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Preventing church volunteer burnout


Editor’s note: The volunteers interviewed for this story asked that their churches not be identified.

May 10, 2010 | NASHVILLE (UMNS)

Kimberly Goods gave until it hurt to give any more.

As chairperson of her church’s communication and information committee, she was in charge of public relations, the website and the newsletter. Each was a time-consuming duty that required frequent presence at the church. She spent an additional 20 hours a week working on church business at home.

She committed to do the job for three years, but her duties kept mushrooming. Before she knew it, it was four years, then five. One position led to another. People asked her to serve on the staff parish relations committee and the congregational care committee, to greet on Sunday mornings, and to squeeze in attending Sunday school.

Rev. Jeffrey Harlow, Brosville United Methodist Church, Danville, Va., says pastors and church staffs must make sure volunteers are not taken for granted. Photo courtesy of Brosville UMC.
Rev. Jeffrey Harlow, Brosville United Methodist Church, Danville, Va., says pastors and church staffs must make sure volunteers are not taken for granted. Photo courtesy of Brosville UMC.

“I tried to back off a couple of times,” she said, “but I was 'guilted' into continuing for ‘just a little while longer’ or ‘just one more time.’ I fell for it for a while, but I could feel myself not putting my all into it anymore.”

Goods’ story is not unusual. Too often, church volunteers burn out while in the trenches of servanthood.

In churches where there is always a ministry to tend, a committee to lead, a class to teach or an event to chair, it is hard to find people willing to step up to the plate. When you find them, it is even harder on the church to lose them, especially if they are doing a good job.

“Brent,” who asked that he not be identified, has been a member of his church for more than 10 years. He has spent seven of those helping with the youth, ushering every Sunday, serving on the worship and finance committees, and pitching in with special programs and activities. Eventually, his church time took a toll on his work and family time.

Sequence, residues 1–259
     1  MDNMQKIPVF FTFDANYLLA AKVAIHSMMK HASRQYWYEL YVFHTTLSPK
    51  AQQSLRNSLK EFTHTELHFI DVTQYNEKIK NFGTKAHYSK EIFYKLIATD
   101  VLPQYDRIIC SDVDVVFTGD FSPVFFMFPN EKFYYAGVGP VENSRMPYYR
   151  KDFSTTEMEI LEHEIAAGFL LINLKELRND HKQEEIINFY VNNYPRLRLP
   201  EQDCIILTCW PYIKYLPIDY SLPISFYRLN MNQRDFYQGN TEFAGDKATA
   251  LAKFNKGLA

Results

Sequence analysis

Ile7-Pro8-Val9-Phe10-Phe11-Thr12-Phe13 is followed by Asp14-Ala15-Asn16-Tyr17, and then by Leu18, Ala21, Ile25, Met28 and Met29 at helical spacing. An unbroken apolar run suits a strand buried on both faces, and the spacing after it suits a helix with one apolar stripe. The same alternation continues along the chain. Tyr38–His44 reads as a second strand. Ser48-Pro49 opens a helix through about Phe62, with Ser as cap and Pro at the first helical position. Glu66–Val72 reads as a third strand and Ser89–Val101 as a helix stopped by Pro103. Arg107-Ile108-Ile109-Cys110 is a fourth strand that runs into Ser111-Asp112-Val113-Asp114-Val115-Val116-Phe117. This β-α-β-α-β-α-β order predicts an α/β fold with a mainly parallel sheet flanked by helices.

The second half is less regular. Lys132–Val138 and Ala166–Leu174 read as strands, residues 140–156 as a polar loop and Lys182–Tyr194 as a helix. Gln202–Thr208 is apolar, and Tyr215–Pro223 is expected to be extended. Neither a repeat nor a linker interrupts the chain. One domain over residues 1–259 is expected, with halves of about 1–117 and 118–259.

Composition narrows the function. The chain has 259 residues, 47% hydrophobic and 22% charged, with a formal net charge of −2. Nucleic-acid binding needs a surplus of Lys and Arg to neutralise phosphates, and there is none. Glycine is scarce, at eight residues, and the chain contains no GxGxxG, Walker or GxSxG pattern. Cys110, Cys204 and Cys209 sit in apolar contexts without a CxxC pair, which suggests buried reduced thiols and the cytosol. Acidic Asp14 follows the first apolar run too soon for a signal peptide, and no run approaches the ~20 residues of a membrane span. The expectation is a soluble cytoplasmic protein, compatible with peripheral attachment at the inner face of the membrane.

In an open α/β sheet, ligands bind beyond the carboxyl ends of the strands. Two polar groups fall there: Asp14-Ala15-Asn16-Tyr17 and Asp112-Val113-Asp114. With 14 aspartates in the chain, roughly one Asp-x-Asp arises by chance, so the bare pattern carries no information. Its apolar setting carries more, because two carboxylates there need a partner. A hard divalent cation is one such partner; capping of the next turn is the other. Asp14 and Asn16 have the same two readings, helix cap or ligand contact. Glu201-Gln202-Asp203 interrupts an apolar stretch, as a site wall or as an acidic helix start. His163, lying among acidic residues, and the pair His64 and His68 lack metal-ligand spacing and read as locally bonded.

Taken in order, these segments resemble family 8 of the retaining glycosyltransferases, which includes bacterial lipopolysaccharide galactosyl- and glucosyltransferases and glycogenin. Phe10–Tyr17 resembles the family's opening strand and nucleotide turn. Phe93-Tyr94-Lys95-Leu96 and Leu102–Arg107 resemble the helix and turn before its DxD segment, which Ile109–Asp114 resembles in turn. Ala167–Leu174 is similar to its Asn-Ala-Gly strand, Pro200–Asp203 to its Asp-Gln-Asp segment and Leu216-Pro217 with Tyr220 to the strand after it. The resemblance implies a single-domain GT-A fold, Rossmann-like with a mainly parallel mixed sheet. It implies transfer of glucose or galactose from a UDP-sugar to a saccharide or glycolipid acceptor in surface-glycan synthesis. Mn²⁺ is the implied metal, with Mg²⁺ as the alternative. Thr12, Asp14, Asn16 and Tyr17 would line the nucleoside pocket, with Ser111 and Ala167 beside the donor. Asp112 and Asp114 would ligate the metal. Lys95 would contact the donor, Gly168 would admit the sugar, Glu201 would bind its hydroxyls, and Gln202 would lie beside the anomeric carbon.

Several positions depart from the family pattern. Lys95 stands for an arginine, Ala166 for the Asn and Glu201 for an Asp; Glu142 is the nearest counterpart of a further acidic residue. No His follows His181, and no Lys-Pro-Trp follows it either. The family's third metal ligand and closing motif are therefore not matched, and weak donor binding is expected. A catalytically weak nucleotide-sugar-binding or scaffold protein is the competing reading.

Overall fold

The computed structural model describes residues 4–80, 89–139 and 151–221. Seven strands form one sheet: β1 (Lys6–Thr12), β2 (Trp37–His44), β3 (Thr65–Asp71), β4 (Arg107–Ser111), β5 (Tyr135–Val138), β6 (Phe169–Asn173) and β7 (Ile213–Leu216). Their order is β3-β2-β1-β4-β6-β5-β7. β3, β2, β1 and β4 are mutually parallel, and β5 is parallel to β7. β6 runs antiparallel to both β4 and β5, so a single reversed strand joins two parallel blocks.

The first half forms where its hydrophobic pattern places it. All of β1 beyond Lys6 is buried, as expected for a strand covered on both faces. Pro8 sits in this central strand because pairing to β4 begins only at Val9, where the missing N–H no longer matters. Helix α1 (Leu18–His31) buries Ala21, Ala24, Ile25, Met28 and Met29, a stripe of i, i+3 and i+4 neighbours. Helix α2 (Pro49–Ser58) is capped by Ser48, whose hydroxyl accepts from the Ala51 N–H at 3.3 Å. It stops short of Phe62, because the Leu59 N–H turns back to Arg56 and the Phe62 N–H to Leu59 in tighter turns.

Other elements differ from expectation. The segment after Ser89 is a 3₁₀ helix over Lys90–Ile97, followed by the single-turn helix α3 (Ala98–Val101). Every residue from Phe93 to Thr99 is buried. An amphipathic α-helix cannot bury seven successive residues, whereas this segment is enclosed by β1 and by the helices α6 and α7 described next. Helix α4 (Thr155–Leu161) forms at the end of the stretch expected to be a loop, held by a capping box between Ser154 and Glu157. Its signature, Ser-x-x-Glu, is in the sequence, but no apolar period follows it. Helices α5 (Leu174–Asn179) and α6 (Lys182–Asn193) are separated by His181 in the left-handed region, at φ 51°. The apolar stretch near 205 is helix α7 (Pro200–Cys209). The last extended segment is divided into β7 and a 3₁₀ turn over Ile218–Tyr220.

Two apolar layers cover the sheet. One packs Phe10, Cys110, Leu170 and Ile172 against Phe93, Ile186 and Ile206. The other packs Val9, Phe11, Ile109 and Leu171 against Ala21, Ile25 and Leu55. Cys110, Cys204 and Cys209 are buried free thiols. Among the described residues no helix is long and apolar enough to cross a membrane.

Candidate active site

“I looked up, and my work and family life had begun to suffer. I knew I had to let something go,” he said. Brent prayed long and hard about cutting back on his church obligations, especially working with youth.

“It was hard,” he said. “They had shared a lot with me on their mission trips and at other activities through the church.”

‘A two-person responsibility’

Jeff Harlow, a leadership development and volunteer management expert who pastors Brosville United Methodist Church in Danville, Va., understands both sides of the burnout issue. He is not only a pastor used to delegating; he is also a spiritual counselor who has done his fair share of listening to members of his congregation who are overwhelmed with church responsibilities.

“Managing burnout is a two-person responsibility,” Harlow said. “The volunteer needs to do some self-examination to determine if their burnout is based on their own problems, or because of someone (else’s) problem. According to Harlow, burnout frequently occurs when a person feels guilty for not doing enough. Volunteers need to ask themselves if they are really dropping the ball, or if they are just the type of person who tends to feel guilty even when they are doing a great job.

“Guilt is a big deal,” Harlow said. “Pastors should pay attention to a person’s sense of guilt and try to help the volunteer put their feelings in perspective.

“The pastor can reassure volunteers that no one is going to lose their salvation if they don’t measure up on the worship committee or if they the fail to show up for a weekend workday,” he said. “Even if the guilt is valid, the pastor can play a role in helping people understand how important a duty or task really is.”

Setting realistic expectations

In addition to guilt, Harlow said resentment also is linked to burnout. Resentment, Harlow warned, occurs when a pastor, church or program leaders are unrealistic about their expectations and unclear about assignment of tasks when recruiting a volunteer.

“Volunteers give us a ton of time. They deserve to be told what we expect of them, and for how long. When we are not clear about our expectations, a volunteer is ripe for resentment.”

Is there a solution?

If pastors do a better job of communicating the message of mission-mindedness, they’ll be more successful at managing leaders and volunteers in their congregation.

“Churches get themselves into a burnout mess when we forget that everything we do needs to contribute to the mission of the church,” Harlow explained. “What we have to convey to the volunteers is that they are helping us make disciples of Jesus Christ for the transformation of the world, whether they are painting or weed-eating.

“A pastor should be the head cheerleader, the loudest and most persistent voice reminding every volunteer, for every task, that “what you are doing matters,” he said.

“We can prevent burnout in our churches. We should because volunteers are our most important resource. We can help volunteers manage their guilt, and we can prevent resentment by being clearer about our expectations. Most of all, we must remind our hardworking, overworked volunteers that what they do matters. What they do helps us accomplish our mission.”

*Passi-Klaus is a writer with the Public Information Team, United Methodist Communications, Nashville, Tenn.

Contact: Susan Passi-Klaus, Nashville, Tenn., (615) 742-5138 or presscenter@umcom.org.

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